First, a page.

EW: Is there anything you may have done differently?

PR: Actually I don’t think so, and I don’t want this to sound arrogant, but it all has worked out the way it should have. I don’t think we could have or should have condensed the time frame. It gave us a chance to build our fan base and build credibility. We had a lot of fun winning our earlier titles.

EW: How do your old friends, particularly European friends react?

PR: Many wondered, “Why has it taken this long for the U.S. to catch on, it is an inevitability?” What they are genuinely surprised about is the authentic nature of how the game is appreciated, played and understood. There was a fear that Americans would want to tinker with it. But the international community recognize our game and game experience is authentic.

EW: Is that one reason Millennials dominate the fan base?

PR: What they want, in addition to the game experience, is to be connected to a global conversation. Everything in their lives has that connection; soccer gives that generation a connection with people in Berlin or Milan or Rio; though they have never been there personally, they know their players and colors, so they’re connected. And I’m not cheating on my team by rooting for another team on another continent. They have the need, perhaps because they have the tools.

EW: Do you still have a growing fan base outside of Central Florida?

PR: We have the third largest social media following in the league and this is our first year in MLS, which is huge. We have 750,000 Facebook followers in Brazil. Our goal is to be a global brand. We’ve had fans from 50 different countries come to the games. At an average game our out of state, out of country ticket sales are close to 6,000. We have a 20 game season, so over the course of the season we are bringing the equivalent of four college bowl games here every year.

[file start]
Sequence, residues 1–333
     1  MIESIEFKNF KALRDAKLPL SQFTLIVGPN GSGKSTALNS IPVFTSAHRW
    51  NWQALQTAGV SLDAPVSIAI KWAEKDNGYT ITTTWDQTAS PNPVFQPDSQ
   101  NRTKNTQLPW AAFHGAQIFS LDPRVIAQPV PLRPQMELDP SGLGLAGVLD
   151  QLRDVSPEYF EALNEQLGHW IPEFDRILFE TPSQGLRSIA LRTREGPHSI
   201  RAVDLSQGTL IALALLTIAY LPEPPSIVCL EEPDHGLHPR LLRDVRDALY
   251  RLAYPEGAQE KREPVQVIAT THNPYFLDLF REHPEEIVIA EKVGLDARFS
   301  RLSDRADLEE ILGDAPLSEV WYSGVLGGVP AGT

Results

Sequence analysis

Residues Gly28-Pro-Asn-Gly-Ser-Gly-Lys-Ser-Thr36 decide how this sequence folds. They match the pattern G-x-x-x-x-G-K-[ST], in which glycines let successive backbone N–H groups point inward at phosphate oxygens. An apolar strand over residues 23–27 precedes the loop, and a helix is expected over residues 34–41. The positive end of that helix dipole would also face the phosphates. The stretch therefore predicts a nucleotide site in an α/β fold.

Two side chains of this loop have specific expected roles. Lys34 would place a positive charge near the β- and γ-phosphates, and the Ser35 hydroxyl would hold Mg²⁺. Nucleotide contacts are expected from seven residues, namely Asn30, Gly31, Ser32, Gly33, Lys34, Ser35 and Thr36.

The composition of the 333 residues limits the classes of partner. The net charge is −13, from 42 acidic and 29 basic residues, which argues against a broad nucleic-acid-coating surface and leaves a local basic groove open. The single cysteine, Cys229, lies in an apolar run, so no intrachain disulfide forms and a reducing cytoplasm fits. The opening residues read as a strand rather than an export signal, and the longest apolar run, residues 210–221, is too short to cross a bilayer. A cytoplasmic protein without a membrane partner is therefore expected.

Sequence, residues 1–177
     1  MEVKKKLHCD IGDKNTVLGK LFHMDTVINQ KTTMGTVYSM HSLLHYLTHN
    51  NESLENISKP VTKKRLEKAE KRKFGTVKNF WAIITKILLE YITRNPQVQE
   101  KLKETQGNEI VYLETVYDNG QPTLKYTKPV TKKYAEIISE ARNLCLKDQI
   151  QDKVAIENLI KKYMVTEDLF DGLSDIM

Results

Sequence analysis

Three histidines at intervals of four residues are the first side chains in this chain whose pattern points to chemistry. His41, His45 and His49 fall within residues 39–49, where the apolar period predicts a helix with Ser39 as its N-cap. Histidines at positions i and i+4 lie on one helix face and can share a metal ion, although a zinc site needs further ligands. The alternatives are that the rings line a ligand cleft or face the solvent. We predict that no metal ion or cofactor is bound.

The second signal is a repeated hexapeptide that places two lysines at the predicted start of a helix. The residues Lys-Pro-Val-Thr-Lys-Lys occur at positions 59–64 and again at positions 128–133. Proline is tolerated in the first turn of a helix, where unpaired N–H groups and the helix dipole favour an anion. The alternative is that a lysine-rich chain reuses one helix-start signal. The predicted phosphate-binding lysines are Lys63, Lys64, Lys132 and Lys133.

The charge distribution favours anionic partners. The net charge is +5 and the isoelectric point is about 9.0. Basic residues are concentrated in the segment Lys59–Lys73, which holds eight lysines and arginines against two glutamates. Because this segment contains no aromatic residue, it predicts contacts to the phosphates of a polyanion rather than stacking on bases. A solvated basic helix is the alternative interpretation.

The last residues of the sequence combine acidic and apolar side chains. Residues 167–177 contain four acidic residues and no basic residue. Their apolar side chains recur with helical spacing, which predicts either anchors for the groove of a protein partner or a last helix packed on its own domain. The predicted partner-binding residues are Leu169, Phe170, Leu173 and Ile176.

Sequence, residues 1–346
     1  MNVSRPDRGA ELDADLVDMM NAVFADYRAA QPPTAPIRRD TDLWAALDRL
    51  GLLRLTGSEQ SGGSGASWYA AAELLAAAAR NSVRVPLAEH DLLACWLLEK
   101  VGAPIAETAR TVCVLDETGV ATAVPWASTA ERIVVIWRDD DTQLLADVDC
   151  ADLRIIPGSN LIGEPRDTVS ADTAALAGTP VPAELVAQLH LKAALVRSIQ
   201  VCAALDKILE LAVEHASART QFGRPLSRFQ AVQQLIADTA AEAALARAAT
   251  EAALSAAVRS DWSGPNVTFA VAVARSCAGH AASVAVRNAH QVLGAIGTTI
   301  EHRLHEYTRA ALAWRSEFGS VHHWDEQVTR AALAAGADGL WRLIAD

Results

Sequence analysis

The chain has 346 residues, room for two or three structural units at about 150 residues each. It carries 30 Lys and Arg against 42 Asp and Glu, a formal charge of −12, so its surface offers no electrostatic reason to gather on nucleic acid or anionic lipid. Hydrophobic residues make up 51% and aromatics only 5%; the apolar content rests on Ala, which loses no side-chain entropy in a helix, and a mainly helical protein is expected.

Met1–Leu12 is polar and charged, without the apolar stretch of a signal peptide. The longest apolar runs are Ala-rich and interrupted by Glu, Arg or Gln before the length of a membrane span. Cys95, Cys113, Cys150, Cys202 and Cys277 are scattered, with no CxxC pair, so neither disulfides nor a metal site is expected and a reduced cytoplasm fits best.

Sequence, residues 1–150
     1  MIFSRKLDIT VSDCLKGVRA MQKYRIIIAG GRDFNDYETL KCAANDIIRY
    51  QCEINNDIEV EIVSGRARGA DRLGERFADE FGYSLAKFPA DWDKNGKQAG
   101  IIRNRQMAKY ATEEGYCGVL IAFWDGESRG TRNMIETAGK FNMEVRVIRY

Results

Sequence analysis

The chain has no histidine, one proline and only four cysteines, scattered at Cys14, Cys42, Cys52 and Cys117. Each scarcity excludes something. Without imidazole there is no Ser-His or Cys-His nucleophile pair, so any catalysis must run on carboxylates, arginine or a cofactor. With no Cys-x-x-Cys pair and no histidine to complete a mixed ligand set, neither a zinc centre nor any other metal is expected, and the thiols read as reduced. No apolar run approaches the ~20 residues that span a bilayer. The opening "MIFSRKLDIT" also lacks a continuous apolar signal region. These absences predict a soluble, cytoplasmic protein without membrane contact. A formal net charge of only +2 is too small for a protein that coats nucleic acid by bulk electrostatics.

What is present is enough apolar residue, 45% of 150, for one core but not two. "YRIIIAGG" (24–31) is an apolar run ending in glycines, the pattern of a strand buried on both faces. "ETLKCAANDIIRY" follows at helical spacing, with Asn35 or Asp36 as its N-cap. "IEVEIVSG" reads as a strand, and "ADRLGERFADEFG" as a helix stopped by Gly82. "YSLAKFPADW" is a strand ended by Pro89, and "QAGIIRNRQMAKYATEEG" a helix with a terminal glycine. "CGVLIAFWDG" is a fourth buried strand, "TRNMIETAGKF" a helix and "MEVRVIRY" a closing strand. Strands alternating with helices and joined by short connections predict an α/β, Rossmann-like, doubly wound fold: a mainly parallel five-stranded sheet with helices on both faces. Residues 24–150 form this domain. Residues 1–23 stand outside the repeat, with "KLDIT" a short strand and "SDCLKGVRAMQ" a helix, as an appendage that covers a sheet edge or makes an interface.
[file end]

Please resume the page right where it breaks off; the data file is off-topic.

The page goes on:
EW: How much would you estimate your brand value has increased in two years.

PR: It is hard to say; we paid $70 million for the franchise, most know that. Forbes didn’t value us, because we are too new, but they valued Seattle at $250 million. So based on that I think we could conservatively say the brand value has more than doubled in two years. I can tell you we sold over 90,000 jerseys; that puts us number one in the league in jersey sales.

EW: Explain the decision to fund the stadium, instead of depending on public money.

PR: From the beginning, the public/private partnership seemed the way we wanted to go and was a great deal for the city, the county and the state. Though we got the city and the county to contribute and the club was putting in about $40 million, the state wouldn’t come through in giving the incremental sales tax dollars.

Because of that delay, we got into MLS and started playing. This is where sometimes delays are beneficial. We anticipated an MLS average of 19,000 and we are the 19th largest marketplace, so we thought if we hit the average we would be doing great. Well, our average is 33,000 and we were planning on a 19,000 seat stadium. It became clear it was too small. That’s when Flavio Augusto da Silva said, “I think there is another way, I think we can do it privately.” A 25,500 seat stadium is the right size for us at this time.

EW: How have your responsibilities changed?

PR: Our organization has grown from 20 people to 120 people; we’ve gone from small business to large business overnight. In some ways my roles and responsibilities have changed and some ways they haven’t. I am still on the ambassadorial side, like with Leadership Orlando, and that continues to grow. We like to say, “This club was built by the community for the community; it was built by the fans, for the fans.”


This article appears in the December 2015 issue of i4 Business.